Some of the best advice I received my freshman year was to intern, and intern a few times before I graduate. It may seem hard, and you may not know where to begin but there are many resources colleges and universities offer to help you find the perfect internship!

 

Are you happy with your health?

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55 brave college-aged students took a survey to test the health tips I talked about in my last post. The answers? Not so shocking-for the most part. Most students seem to run in the middle; they get the average amount of sleep, they sometimes tan in a tanning bed, and they rate their health, on a scale of 1 to 5, as a 3. So then why are 55.36% of college-aged students unhappy with their health?

Let’s go through the tips mentioned in last week’s post, and compare them to the students’ answers. The first, and maybe most obvious tip, mentioned keeping a healthy diet. The consensus amongst college students:

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Only two students eat a healthy diet every day. What do they eat on the other days? Eating poorly results in feeling poorly. This is an indication of why more than half of students are not happy with their health at this age. The second tip was to exercise regularly, and regularly means at least 30 minutes each day. Out of the 55 students who participated in the survey, about one fifth answered to exercising every day. 40% exercise 1-2 times per week, but only three students exercise everyday.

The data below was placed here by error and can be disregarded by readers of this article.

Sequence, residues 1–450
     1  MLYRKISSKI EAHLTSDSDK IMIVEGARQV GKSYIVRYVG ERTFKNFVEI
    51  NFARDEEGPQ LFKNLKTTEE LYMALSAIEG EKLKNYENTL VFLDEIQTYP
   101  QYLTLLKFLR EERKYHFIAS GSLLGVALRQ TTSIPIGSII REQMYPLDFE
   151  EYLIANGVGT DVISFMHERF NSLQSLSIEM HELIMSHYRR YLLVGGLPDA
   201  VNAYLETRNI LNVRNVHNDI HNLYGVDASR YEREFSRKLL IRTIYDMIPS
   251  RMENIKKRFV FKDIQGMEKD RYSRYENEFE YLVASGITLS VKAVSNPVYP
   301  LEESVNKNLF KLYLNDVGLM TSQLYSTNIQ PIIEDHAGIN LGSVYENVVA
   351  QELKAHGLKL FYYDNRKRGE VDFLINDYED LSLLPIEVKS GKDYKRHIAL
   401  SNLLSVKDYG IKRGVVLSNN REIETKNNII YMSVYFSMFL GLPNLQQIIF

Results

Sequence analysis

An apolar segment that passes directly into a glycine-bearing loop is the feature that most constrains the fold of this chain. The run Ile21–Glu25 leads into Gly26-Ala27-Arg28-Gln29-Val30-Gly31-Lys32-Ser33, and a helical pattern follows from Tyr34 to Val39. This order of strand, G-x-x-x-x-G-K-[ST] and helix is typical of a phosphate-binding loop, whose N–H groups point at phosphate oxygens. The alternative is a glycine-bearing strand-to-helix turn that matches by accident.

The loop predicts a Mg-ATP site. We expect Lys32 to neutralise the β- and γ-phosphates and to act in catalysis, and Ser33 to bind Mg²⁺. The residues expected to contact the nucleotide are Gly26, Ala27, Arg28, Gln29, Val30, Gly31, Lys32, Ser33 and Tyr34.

The two easiest indicators of a healthy human, diet and exercise, are disappointing. Luckily, over 75% of students never use a tanning bed, 95% of students do not smoke regularly, and the majority of alcohol consumption is between zero and two days per week. Over half of participants get between six and eight hours of sleep each night, and 70% of participants use sun protection. College students are doing the right things, so then why are they unhappy?

The factors that college students answered the lowest to, diet and exercise, show immediate results. Skin protection, smoking and drinking are all factors that effect us later in life. Eating poorly and minimal exercise make us depressed. That’s why most students feel as though they are not currently happy with their health. Now that we know the issue, it shouldn’t be too difficult to fix!